Finding Remnants of Minoan Civilization in Knossos

Contemplating the Horns of Consecration at the Palace of Knossos

When I was young I learned about some of the ancient myths from books, at school or on TV. The legend of the Minotaur on Crete was one that stood out for me even though I knew nothing of the civilization that created it. Although I picked up the original story from the Greek myths, I have to admit a scene in the classic Terry Gilliam film Time Bandits stuck with me as much as the original stories. I always wondered where the Minotaur lived, and also wondered whether the labyrinth was as tricky to escape from as the stories said.

Located south of the modern city of Heraklion, the Palace of Knossos stands as the reminder of the ancient Minoans, a civilization that existed from 3000-1450 BC.

During our stay in Crete last year we visited the palace as well as the museum in Heraklion where many of the pieces found at Knossos are on display. We first drove to the Heraklion Archaeological Museum, located a bit south of the harbour. We purchased a combination ticket online that gave us entry to both the museum and the palace site.

Museum of Heraklion

The museum held a large number objects that ranged from jewelry to pottery to giant axes. We spent a couple of hours there and probably could have spent a little more if we hadn’t moved quickly through a few spots where the tour groups were heavy.

After spending time at the museum we drove out to the palace. There’s free parking a short distance from the complex, although there are also pay lots even closer. There were a number of touristy places within walking distance, from shops selling trinkets to basic restaurants.

It only took about 15 minutes to drive from the museum in Heraklion to the Palace of Knossos (lower right)

The grounds of the palace covered about 150,000 square feet (14,000 square metres), larger than two football fields. The area had been inhabited for a few thousand years before the first palace was finished around 1900 BC on top of previous settlements. It was destroyed about 200 years later (either by an earthquake or invaders) before being rebuilt even grander than before. Eventually it too disappeared along with the Minoan civilization and little remains today. Some speculate it was wiped out by the massive tsunami caused by the eruption in Santorini, while others believe invading Greeks destroyed it following an invasion. Whatever the reason, the Minoans left behind only scattered remnants of their once-thriving civilization.

Taking a nap near the entrance to the palace complex
The Palace Complex was too large to get in a single photo. This was the widest shot I could get and it shows only a small portion

The site had excellent signage in Greek and English that explained most of the reconstructed buildings as well as some of the original ruins. We were fortunate so only have a few tour groups around when we were there, so it was not quiet but not too crowded either.

Stairway to nowhere
Looking out over the parts of the complex largely left alone
The Hall of the Double Axes, a double chamber that had an indoor and outdoor space
The South Propylaeum

One thing I learned about the site at Knossos was that there has been a lively debate about the restoration work done there. Much of it was done by Sir Arthur Evans in the early 20th century. His vision was inspired by Minoan culture rather than being faithful to the original design.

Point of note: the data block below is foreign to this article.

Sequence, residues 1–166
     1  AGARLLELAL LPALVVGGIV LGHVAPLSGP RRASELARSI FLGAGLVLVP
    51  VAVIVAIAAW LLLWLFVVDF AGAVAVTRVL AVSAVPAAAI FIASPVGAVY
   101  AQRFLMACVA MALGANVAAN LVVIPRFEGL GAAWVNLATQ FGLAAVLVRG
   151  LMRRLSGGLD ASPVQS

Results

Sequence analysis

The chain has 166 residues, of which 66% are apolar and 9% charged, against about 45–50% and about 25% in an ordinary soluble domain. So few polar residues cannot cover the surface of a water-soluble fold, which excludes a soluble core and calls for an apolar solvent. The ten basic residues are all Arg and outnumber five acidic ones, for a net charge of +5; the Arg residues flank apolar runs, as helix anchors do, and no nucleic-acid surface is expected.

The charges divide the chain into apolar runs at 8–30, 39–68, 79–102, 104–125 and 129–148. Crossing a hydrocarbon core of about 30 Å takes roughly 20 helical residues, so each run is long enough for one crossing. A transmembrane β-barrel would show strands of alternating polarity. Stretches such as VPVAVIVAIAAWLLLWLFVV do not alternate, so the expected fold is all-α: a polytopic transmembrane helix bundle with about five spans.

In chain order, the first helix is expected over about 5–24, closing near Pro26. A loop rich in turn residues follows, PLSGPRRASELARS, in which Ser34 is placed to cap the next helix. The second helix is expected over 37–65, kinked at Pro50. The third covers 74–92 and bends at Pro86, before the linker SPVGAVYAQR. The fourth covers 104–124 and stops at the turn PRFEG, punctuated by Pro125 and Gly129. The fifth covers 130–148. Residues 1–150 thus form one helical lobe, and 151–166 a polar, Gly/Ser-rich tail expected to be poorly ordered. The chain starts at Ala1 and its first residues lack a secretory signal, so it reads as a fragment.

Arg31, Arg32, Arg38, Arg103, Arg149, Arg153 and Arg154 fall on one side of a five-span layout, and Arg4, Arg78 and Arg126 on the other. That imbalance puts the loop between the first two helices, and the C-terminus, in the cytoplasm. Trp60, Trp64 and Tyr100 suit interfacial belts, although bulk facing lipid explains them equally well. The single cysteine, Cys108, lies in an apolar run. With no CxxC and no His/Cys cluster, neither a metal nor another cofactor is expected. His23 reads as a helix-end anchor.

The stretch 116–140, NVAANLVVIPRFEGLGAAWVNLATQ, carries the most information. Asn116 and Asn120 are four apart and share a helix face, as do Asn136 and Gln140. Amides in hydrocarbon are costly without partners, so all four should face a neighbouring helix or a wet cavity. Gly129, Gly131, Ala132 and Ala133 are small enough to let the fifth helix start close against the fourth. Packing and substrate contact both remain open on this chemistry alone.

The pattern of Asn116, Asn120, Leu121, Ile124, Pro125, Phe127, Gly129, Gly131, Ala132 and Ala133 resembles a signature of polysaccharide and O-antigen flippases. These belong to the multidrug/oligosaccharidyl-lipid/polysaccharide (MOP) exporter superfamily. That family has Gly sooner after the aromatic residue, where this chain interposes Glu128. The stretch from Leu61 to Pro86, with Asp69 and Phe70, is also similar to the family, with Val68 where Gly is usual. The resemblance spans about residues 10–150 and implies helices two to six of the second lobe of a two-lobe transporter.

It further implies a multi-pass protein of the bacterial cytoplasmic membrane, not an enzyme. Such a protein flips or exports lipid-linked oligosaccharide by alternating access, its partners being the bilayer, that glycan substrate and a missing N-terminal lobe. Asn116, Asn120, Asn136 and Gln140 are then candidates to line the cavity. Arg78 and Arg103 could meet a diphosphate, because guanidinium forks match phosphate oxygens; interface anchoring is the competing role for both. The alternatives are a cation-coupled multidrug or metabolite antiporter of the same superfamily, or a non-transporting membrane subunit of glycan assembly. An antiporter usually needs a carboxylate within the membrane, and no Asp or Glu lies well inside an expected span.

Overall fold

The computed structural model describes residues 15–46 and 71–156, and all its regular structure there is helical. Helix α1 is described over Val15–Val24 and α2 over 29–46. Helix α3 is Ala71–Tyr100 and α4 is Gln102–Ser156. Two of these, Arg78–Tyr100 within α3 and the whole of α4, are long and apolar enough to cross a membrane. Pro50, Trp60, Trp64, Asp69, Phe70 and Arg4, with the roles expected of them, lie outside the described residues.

By not leaving the original remains intact, Evans was practising restoration rather than conservation with some complaining that it damaged the original design. The reconstructed buildings mostly represent the latest era of the Minoans as well as the Mycenaean era. While this is noted at the site, many might not know this. On the other hand, it has been argued that the restoration work may have saved the site from being completely lost. Regardless of the controversy, we found the site to be impressive and the restoration work gave a sense of the grand palace from long ago.

It was interesting to seem them combined, with some areas left largely intact while others had buildings constructed over them. We have visited places that have been left alone to conservation, and while I appreciate viewing authentic remains, there often isn’t much to look at besides cut stones and outlines of structures in the ground.

The complex was very walkable, with a lot of flat surfaces and generally wide steps. Much work has gone into reconstructing overtop much of the original plan. The differences between the parts that had been redone and the original ruins were clear, with the reconstructed ones giving the palace a greater sense of size and height.

Sections left in various stages of reconstruction

The rebuilt throne room was one of the more interesting rooms at Knossos. I half-expected the Minotaur to break down the barred door and storm in!

The Throne Room
The “South House” It was considered to be a special place during the “New Palace Period” (1700-1450 BC), though the original purpose is unknown

The piece below is called the Horns of Consecration, a religious or ceremonial symbol found extensively at Minoan sites. It was likely based on the horns of bulls, as bulls were used elsewhere in Minoan art. Sir Arthur Evans coined the term while working at Knossos and it stuck. The Horns of Consecration are usually represented as a stone slab, with the upper part fashioned into two points.

The Horns of Consecration. It felt like the dark doorway below might be the entrance to the labyrinth…

We did Knossos at the end of our stay in Crete. After enjoying beaches, caves and mountains, a bit of ancient history was a fitting end to the trip. Although we never found the labyrinth, at least we didn’t find the Minotaur either!

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